Rising energy costs are already squeezing students. Alex, 25, is currently studying digital design and advertising at the Northern School of Art. He rents privately with his student partner. Since it became clear that energy prices were going up, he has had to be more cautious with his money. He tells Dazed that the main effect it has already had is mainly just a little bit more stress about how I spend money.
Alex is not the only one. Anna, who lives alone and in a one-bedroom apartment, already has to reduce her spending. She says, “As I live alone, I pay all my bills myself.” This was much more affordable than living in a shared home with friends at a fixed price for all bills. Now, most of the money that I earn or receive through my loan goes towards rent and bills.
She said that budgeting has been “much more difficult” for grocery shopping and transportation costs. She also says that evenings out are becoming less common. She says, “My friends have had to find other ways to socialize like going on walks or having nights in.”
“When you are poorer than most people, you learn about money and the significance of every penny.” Nina also says that she must “literally count every dollar” she spends. She says, “Let’s just assume that you notice everything when those are your circumstances.”
Although those who have bills included in their rent payments won’t feel the immediate effects of rising energy prices, they will be affected by the government rebate program. All domestic electricity customers will receive PS200 off their monthly energy bills starting in October. Eighty percent of households will also get a PS150 Council Tax Rebate beginning in April. But here’s the catch: The catch?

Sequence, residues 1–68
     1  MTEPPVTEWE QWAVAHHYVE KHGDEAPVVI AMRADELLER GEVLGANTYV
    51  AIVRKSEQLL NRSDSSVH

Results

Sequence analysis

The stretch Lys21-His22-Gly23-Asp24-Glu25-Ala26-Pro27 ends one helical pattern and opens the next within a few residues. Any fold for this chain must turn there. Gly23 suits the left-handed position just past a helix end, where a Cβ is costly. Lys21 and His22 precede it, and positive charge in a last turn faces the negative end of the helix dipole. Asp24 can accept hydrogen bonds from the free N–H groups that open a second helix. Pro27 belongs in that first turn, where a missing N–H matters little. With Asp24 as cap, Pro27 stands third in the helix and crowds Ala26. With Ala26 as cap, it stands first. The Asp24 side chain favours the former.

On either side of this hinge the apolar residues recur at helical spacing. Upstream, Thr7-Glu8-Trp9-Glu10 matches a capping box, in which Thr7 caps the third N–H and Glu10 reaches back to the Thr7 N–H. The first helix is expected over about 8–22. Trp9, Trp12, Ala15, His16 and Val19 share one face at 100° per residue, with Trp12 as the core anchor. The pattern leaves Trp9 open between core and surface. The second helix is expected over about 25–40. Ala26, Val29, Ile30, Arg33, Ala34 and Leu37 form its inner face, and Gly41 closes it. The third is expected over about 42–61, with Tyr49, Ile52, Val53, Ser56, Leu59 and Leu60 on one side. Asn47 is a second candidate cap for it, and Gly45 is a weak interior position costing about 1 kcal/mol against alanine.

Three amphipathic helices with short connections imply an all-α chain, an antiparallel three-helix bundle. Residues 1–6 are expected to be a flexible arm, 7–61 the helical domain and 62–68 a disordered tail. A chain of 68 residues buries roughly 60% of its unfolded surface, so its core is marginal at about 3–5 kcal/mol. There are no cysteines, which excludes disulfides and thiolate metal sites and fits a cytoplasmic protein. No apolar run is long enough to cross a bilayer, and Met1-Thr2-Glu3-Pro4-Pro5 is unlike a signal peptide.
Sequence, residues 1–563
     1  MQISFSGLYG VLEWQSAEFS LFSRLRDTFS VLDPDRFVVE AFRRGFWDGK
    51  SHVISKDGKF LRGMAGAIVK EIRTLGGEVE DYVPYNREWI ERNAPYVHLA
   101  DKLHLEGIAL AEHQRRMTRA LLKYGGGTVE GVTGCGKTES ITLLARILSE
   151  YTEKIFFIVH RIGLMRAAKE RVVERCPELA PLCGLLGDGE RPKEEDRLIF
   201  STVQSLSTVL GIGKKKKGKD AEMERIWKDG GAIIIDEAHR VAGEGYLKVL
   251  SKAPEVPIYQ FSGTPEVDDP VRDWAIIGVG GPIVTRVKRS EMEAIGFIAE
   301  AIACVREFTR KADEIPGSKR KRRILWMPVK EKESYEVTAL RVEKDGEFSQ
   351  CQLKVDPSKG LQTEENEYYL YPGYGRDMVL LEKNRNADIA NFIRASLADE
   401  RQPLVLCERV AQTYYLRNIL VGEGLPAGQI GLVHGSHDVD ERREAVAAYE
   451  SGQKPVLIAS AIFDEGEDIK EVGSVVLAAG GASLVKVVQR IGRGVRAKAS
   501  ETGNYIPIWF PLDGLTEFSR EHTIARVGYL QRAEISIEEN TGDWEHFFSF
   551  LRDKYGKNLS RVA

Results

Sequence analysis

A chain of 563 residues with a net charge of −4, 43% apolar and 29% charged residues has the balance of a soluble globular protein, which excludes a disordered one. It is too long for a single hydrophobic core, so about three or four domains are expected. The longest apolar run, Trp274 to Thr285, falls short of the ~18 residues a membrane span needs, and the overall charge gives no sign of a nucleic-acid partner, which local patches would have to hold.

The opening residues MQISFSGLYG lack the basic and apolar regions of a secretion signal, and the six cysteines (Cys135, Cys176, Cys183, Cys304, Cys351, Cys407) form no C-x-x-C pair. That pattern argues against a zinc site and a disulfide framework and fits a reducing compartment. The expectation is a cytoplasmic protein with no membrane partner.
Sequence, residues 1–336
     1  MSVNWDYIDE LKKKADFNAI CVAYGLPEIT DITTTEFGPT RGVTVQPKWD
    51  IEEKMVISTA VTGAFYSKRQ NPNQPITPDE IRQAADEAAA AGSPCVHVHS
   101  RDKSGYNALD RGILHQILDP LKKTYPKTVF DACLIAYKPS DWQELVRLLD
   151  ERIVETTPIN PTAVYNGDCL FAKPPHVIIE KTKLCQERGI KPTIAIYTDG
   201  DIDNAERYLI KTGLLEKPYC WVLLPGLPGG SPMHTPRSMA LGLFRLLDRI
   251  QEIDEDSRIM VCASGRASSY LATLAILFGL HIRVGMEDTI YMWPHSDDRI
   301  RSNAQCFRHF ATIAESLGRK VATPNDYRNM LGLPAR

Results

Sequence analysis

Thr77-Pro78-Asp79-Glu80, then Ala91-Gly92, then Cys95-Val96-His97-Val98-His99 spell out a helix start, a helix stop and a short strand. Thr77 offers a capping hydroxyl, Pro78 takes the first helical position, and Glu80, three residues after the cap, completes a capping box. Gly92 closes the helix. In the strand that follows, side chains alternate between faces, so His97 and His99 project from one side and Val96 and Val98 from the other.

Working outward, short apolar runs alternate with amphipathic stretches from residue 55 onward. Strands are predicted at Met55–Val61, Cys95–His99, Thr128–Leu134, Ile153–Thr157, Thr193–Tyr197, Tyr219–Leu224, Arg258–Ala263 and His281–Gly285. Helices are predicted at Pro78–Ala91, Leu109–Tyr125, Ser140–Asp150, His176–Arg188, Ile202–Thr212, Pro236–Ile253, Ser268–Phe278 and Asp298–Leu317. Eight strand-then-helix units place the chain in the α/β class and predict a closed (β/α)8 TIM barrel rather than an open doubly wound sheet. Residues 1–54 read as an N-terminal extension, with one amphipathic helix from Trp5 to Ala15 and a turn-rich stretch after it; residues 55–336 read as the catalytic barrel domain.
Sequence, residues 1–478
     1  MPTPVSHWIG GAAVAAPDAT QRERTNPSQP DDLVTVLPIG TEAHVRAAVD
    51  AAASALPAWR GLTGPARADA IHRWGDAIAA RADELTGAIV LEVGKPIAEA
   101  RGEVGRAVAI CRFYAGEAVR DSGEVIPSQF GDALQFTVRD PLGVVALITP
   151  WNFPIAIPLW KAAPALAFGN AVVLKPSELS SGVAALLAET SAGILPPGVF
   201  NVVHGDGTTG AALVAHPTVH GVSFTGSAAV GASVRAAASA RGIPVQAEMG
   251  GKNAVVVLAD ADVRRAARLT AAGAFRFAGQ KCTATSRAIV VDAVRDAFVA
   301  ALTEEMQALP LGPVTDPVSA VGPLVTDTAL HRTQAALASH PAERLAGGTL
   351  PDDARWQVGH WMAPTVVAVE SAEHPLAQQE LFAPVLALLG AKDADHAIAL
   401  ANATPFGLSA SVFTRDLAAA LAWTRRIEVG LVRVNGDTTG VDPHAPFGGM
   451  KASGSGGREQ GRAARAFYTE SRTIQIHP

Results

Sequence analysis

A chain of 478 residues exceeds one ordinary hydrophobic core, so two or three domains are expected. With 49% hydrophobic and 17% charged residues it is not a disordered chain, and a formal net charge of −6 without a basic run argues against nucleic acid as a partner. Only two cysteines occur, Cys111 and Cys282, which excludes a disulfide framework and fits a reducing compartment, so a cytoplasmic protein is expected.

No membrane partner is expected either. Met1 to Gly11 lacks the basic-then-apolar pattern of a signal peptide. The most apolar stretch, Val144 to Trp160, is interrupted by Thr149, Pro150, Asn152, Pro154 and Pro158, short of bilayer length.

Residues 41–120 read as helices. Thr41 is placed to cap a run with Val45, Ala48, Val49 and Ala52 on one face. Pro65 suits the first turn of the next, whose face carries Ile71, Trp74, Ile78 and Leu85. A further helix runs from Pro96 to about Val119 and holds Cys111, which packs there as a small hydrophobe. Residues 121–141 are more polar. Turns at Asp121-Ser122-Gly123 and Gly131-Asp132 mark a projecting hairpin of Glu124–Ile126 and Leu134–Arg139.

Tom Allingham, Head Editor at Save the Student, says that the PS200 energy bill loan is not a good solution. Students who live in apartments where their energy bills are included with their rent will not be given a discount for October. However, they will need to pay an additional PS40 per year to fund the scheme. The final-year students will have to pay more for energy starting in April, but in many cases, they will be moving back in with their parents once they graduate. This will mean that you’ll have to pay many bills for the next few months and no refunds in the autumn.
The PS150 council tax reduction is not much better. He says that the government has forgotten that full-time students do not have to pay council tax. This measure was implemented because university students struggle to make ends meet regularly. This means they won’t get the PS150 refund in April despite dealing with rising living expenses.
He continued: “In summary, the government urgently must reconsider its proposals for meaningful support for students. Those at power have often overlooked this group.”
This wouldn’t be the first. Since March 2020, students have seen their lives become a mess since the pandemic started. Final year students will now face the possibility of entering the worst economic crisis for decades after being forced to learn in ‘hybrid’ learning and then being ignored by the government.